Sydney’s signature-designer housing boom spreads to its northern peninsula with a sold-out, up-market, oceanfront development exploiting Alex Popov’s style and name.

This is an article from the Architecture Australia archives and may use outdated formatting


Night view of the eastern elevation of the development


Architect’s Statement by Alex Popov

is a two-storey housing complex fronting Mona Vale Beach, on Sydney’s northern peninsula. It comprises 17 one and two-storey apartments organised in two lineal groups separated by an internal pedestrian spine. The design was developed with equal consideration given to the public amenity of the local precinct and the relationships between the apartments themselves. This scheme allows for a diverse range of apartment types sustained within a common structural framework of shallow-vaulted steel portals. It differs from the conventional approach to apartment design by breaking down the massing into separate and identifiable units that step to resolve the irregularities of the site and significant trees. Within this framework, each dwelling is highly articulated, with the layering of materials, openings and deep shadows in order to create rich and lively facades.

The proposal also addresses the concept of ‘neighbourhood’ through the site plan. Building types are separated and focused along an internal ‘street’ which provides good landscaping and a sense of suburban scale.

Comment by Lawrence Nield

What is the most important building type? It is high density, low-rise, as Kenneth Frampton has pointed out. Cities are in crisis all around the world. “The typical downtown surely which, up to 30 years ago, still presented a mixture of residential stock with secondary industry, has now become little more than a Motopian landscape dominated by tertiary industry.”

“By similar token,” he continues, “the unremitting suburbanisation of North America and the simultaneous dissolution of the nineteenth century provincial city, structured about the railroad, has been brought about by the deliberate maximization of private transport, sponsored by oil and automobile lobbies and by the corresponding contrived decline of public transport. While these symbiotic consumerist processes are at their most extreme in the US, it is clear that this tendency is to be found throughout the developed world, so much so that one is tempted to assert that if there is a single apocalyptic invention in the 20th century it is the automobile rather than the atomic bomb.”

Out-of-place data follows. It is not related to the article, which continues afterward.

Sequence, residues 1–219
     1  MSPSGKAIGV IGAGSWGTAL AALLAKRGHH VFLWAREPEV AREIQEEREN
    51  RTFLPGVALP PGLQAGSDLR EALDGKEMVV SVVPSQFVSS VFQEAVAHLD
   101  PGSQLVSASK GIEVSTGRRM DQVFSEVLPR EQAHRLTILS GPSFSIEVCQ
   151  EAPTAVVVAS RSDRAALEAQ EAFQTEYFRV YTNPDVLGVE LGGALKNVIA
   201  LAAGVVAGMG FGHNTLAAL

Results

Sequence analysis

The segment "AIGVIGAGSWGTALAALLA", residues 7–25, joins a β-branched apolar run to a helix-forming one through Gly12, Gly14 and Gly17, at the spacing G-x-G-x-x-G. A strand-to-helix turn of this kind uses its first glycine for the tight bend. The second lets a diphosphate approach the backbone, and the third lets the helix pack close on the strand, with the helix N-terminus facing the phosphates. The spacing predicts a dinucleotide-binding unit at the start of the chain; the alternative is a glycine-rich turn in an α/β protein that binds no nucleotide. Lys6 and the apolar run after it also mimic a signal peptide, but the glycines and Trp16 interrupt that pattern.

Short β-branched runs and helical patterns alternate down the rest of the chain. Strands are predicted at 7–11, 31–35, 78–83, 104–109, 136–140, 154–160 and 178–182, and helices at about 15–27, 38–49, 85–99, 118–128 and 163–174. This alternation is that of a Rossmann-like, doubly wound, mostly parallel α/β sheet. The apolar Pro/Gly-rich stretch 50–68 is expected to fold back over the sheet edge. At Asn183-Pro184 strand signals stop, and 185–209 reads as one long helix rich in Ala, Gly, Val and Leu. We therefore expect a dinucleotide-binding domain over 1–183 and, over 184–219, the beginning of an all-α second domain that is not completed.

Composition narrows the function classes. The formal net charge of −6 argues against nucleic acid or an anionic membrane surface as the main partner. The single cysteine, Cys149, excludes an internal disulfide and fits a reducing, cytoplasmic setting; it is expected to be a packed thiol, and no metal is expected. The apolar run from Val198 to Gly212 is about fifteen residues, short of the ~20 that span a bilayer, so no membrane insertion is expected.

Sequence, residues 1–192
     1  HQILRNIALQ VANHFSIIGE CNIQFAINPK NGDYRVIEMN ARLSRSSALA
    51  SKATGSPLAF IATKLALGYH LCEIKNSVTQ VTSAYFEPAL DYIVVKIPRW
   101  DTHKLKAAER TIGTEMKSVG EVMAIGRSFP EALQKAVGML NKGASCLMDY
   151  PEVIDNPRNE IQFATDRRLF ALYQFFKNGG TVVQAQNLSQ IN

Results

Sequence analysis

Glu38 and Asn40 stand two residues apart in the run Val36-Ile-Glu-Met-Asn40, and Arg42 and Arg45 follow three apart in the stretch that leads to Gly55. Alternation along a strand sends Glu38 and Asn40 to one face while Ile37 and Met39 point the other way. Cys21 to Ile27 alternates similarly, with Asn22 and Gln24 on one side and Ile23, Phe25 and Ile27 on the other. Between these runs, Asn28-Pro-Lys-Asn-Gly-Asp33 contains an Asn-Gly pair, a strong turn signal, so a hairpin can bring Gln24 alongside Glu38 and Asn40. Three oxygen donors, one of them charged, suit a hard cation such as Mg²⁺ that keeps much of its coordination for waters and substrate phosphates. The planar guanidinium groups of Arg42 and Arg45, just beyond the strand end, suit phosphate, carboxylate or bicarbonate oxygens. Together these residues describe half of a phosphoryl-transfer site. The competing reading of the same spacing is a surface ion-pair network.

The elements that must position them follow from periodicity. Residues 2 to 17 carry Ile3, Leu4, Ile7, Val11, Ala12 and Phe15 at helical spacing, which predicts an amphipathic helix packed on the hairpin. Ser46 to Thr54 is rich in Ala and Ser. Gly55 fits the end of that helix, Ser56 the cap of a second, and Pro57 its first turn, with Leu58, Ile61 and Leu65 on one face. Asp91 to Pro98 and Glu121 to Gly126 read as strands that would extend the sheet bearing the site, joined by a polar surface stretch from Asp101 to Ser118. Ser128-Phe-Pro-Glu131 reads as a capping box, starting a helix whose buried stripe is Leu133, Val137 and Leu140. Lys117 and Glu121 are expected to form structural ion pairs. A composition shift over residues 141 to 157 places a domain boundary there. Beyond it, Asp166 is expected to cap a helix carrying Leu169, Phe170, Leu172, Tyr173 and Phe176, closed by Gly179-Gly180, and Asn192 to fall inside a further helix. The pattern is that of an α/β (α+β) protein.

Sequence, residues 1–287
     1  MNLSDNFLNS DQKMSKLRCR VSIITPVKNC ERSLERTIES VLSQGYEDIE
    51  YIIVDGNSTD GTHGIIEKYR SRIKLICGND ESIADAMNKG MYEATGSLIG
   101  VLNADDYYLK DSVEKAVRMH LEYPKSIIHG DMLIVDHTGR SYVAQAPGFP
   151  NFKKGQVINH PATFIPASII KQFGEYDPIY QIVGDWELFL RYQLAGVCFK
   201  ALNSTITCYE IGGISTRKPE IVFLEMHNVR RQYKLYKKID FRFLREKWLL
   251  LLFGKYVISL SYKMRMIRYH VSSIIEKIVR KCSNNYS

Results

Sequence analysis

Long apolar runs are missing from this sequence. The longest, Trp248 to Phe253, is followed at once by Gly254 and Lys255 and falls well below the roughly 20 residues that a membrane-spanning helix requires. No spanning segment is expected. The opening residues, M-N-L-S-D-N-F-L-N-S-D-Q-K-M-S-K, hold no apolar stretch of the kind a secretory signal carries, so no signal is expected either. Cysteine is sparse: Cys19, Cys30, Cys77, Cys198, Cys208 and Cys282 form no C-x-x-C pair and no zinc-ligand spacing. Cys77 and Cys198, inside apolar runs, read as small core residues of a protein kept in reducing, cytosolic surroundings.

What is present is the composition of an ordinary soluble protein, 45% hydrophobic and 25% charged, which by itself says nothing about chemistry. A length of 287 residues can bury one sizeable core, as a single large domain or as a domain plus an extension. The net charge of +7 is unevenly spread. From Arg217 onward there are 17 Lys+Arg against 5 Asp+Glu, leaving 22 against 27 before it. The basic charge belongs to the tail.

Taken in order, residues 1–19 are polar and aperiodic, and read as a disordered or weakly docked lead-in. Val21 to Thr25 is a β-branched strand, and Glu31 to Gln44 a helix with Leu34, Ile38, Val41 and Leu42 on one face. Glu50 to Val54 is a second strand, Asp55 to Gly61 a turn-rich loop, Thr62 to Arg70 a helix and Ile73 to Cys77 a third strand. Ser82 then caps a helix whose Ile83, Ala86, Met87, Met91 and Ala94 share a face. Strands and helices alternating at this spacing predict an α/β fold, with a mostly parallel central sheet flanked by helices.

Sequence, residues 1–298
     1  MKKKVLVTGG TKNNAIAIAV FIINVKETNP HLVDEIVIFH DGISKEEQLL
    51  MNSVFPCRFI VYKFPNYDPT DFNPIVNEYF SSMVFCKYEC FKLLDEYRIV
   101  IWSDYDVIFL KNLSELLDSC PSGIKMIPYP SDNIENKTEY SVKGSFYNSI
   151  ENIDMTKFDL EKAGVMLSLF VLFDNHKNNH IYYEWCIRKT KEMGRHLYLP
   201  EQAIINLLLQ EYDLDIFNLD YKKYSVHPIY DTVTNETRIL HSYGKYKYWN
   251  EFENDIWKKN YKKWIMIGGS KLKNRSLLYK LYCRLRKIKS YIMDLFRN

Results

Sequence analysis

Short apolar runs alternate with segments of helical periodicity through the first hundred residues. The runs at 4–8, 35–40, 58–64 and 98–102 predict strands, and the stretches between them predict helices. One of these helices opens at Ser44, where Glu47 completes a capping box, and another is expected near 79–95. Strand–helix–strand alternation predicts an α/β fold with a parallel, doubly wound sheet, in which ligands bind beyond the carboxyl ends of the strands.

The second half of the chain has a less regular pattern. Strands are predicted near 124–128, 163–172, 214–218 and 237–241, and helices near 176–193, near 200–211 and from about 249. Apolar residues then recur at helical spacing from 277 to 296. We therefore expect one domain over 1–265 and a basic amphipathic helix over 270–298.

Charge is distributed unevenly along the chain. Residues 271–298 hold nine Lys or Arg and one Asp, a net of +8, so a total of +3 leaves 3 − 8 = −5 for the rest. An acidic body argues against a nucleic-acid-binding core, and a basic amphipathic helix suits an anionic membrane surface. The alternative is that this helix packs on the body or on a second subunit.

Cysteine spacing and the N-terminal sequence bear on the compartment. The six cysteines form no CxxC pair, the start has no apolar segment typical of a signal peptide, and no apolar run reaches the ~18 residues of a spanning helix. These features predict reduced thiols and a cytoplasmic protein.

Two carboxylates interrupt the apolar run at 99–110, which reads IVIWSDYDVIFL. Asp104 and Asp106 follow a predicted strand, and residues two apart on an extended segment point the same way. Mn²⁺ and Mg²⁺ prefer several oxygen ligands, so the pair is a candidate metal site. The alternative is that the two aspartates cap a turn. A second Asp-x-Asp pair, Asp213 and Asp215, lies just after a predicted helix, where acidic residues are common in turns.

The way to address these problems is by adequate and multi-modal public transport and more collective ecological housing, particularly low-rise, high-density housing. Successful low-rise, high-density housing is not new. It has been built in many isolated locations over 30 years and there are exemplars. One thinks of the 1960 Siedlung Halen by Atelier 5 in Switzerland and there are a number of important Australian examples, such as Lindsay and Kerry Clare’s public and private apartments outside Maroochydore. Surprisingly these vitally important building types are few.

Exemplary low-rise, high-density housing is clearly different from higher density residential units – the typical Australian ‘units’. Low-rise, high-density housing anticipates a future with networks of circulation and ways of dealing with the car or public transport. It emphasises compact low-rise development which allows it to “more than exist” in typical urban and suburban environments. It sets standards of ecologically sensitive planning. In every way it prevents urban degradation.

Alex Popov’s Rockpool housing on Mona Vale Beach is an important example of low-rise, high-density development. It also shows a way out of our urban crisis. Here, on what was four quarter-acre blocks housing at the most 16 people, there are now 17 residential apartments in one- and two-storey formats.

Its internal circulation, one can imagine, and courts could be extended as a pedestrian network back from the beach and through to the Mona Vale shops. Here is a fragment of a future city.


Ground Floor Plan

First Floor Plan